I have spent most of my adolescent and adult life trying to be in good shape, and at different times I’ve been in better and worse physical condition, with the low points being (1) after my sister died and I moved from Boston back to Penn Yan (aka: the land of Pizza Hut eaters, no gyms, and stress) and (2) when I had a job that was very unhealthy and stressful (aka: I ate more because I was intense and unhappy). The high points were when I found (1) anusara yoga, (2) mind-body skills, and (3) T.Colin Campbell (aka: balanced physical exertion, balanced mental/emotional practice, and balanced nutrition).
It wasn’t, however, until I attended the mind-body skills training in DC this fall that I really realized where I was going wrong. I was spending all of my time, posturally, trying to be rigid. I had learned in yoga that I am a chronic over-efforter with tight joints/muscles, but I didn’t realize the damage I was doing to myself (and I sort of liked having a “hard-body”).
The phrase and meditation titled Soft Belly first made me cringe—who wants that? But, shortly after my first soft belly meditation, I learned that I have a real challenge to deal with—my efforts to keep my body aligned and abs tight (six-pack, anyone?) were reversing my breathing pattern and causing the opposite of physical relaxation. In a posturally relaxed physical position, I can breathe into my belly, but while standing, walking or during exertion I keep everything tighter and breathe into my chest (when I breathe in, my stomach goes in and when I exhale my stomach goes out—this is backwards). This is so bad because it prevents the vagus nerve from being stimulated by the breath (whose job it is to tell the brain to relax the body), and it causes stimulation of the adrenals (which cause the release of stress hormones in the body). Why did my hair turn gray when my sister died? It sure doesn’t seem to be genetic—have you seen my parents? They’re both in their 60′s and not totally gray. It was emotional and physical stress—when stress hormones float around in the body for extended periods it prevents absorption of nutrients and leeches nutrients from tissues (including bone). If I had managed the physical stress (by breathing properly), I could have possibly not been so physically affected by the emotional stress that I didn’t manage right away. In fact, I multiplied the bad effects by being so rigid in my belly, and it was a slippery slope from there to my hair turning gray (among other things).
So, it’s time to get in touch with my belly again—and I think that even if you don’t have the same exact issues I have, you can still benefit by this increased awareness. Geneen Roth says, “If you ignore your belly, you are homeless.” Being more in touch can help you in a lot of ways, including knowing when you’re actually hungry, tired, sad, tense, etc. Your belly is your center, and it can help you figure out where you are, so you are better able to make decisions about what to do.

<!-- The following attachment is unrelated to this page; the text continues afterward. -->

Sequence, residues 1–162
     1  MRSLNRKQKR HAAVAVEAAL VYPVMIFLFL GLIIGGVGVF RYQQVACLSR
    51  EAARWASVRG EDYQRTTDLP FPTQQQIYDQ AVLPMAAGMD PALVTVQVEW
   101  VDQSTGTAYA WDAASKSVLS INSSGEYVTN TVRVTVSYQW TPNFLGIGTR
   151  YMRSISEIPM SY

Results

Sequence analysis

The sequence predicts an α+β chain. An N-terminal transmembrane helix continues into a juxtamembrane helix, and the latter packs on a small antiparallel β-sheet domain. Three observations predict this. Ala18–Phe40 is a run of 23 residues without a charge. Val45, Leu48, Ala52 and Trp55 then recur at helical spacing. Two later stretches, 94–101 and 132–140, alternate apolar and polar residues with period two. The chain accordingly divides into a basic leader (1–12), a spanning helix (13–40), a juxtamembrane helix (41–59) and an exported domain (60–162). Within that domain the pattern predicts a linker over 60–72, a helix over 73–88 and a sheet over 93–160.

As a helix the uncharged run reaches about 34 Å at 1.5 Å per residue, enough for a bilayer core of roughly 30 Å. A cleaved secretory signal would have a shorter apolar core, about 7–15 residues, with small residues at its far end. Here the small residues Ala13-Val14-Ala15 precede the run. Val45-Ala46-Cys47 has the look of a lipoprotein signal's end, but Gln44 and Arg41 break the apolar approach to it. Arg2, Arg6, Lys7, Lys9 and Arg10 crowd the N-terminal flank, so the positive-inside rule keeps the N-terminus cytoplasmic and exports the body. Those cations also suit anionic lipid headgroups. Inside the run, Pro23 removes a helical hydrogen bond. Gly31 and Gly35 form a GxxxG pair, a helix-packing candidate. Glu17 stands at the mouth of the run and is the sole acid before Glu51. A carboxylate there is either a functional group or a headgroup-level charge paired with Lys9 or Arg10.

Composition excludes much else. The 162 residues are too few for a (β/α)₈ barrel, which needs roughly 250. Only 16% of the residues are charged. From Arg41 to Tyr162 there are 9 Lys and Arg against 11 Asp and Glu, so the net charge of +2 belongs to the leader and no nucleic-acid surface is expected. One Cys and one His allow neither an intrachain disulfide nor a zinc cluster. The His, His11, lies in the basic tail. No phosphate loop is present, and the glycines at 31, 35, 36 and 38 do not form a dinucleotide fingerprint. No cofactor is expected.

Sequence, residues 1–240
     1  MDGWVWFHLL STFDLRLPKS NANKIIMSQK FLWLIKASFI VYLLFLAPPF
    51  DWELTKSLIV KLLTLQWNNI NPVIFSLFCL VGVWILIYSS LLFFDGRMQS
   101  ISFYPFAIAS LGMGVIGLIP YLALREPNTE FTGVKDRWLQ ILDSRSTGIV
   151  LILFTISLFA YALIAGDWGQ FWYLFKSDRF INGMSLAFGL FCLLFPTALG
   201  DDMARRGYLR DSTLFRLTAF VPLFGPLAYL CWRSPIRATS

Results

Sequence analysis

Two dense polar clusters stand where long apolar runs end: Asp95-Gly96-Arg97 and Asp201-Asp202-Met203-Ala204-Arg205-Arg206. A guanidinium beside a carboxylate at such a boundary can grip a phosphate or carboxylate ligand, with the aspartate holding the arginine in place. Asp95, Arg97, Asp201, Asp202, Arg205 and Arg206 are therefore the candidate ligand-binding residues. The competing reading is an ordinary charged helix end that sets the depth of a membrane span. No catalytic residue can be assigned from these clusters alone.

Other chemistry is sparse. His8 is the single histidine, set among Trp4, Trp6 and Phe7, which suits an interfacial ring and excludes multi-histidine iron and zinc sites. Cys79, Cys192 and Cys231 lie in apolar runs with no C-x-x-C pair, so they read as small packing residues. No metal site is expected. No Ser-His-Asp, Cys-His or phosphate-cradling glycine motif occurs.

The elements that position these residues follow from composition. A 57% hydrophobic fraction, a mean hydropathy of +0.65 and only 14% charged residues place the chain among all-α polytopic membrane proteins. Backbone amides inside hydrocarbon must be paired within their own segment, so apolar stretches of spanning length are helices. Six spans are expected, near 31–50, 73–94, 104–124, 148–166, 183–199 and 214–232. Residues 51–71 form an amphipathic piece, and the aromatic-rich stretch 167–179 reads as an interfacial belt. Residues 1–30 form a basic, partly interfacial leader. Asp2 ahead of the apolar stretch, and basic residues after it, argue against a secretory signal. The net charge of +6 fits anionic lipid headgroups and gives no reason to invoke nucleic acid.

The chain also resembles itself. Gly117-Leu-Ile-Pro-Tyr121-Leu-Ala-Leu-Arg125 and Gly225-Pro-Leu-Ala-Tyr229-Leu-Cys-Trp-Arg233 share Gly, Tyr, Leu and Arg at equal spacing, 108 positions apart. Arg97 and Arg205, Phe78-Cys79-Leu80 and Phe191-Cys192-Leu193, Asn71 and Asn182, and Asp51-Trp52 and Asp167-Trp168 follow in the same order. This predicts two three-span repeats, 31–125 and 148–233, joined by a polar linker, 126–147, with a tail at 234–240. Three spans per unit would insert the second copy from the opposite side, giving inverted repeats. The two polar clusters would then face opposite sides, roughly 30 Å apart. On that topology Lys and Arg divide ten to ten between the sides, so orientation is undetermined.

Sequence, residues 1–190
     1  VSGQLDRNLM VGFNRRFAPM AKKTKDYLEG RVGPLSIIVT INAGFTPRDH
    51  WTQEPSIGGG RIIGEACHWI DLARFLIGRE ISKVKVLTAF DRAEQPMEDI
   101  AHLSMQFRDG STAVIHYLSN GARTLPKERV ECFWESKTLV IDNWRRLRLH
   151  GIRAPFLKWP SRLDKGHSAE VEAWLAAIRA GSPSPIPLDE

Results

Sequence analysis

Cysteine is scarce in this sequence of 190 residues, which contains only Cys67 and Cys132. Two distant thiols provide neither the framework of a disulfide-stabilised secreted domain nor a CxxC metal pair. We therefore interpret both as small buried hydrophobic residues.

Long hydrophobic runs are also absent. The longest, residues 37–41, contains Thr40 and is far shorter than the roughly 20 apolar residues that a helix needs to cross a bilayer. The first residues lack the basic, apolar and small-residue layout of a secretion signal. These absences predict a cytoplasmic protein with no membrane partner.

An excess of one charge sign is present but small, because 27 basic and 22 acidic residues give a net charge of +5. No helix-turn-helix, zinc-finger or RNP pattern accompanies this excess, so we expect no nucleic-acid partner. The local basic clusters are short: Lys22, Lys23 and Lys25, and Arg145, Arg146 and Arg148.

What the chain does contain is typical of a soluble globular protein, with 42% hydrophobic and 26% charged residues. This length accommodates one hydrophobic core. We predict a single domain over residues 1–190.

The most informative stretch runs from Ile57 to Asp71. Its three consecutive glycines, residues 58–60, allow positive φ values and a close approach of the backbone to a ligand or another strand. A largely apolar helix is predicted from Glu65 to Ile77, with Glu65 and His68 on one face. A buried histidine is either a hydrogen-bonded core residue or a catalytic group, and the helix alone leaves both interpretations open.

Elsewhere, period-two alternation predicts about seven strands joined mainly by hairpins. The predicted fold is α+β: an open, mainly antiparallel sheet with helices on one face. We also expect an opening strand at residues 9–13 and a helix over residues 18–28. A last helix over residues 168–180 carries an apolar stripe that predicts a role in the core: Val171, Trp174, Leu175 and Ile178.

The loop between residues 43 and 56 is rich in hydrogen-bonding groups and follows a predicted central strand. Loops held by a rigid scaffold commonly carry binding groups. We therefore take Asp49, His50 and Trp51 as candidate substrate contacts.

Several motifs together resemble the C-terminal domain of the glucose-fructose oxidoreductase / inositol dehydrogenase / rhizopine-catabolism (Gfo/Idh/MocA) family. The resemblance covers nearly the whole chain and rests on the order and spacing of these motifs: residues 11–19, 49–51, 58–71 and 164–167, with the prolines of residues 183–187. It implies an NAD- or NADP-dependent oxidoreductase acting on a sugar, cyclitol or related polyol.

At any point in your day, take a few moments, and reflect on the sensations in your belly (and numbness or emptiness is also a sensation, just so you know). As you breathe in, are you expanding your belly? This is the best case scenario, physiologically and emotionally. Can you expand a little bit more and breathe all the way down to your pelvis (don’t worry, I’m not going to go lower than that).
Breathing techniques and meditations sometimes get written off as fluffy and abstract—like, it’s all in your head and who has time to focus on something like that, something that isn’t tangible? But, I think if you just begin to raise your awareness of your belly, you’ll notice some things about yourself and your life that you did not see before. The sense of breathing being intangible changes, and you can connect your breath to …everything in your life.
I have a short (6 minutes) soft belly breathing guided meditation that I’ll send to you for free if you’re interested. You just have to email me and ask for it (and no, I won’t start emailing you about other stuff). If you’re not ready to go belly out, then don’t—the last thing you should do is stress yourself out or go into denial over it. But, a baby step would be to just notice your belly throughout the day when you think of it. Notice how it feels in relation to how you feel. Notice how you treat it too. It’s one of your most important assets.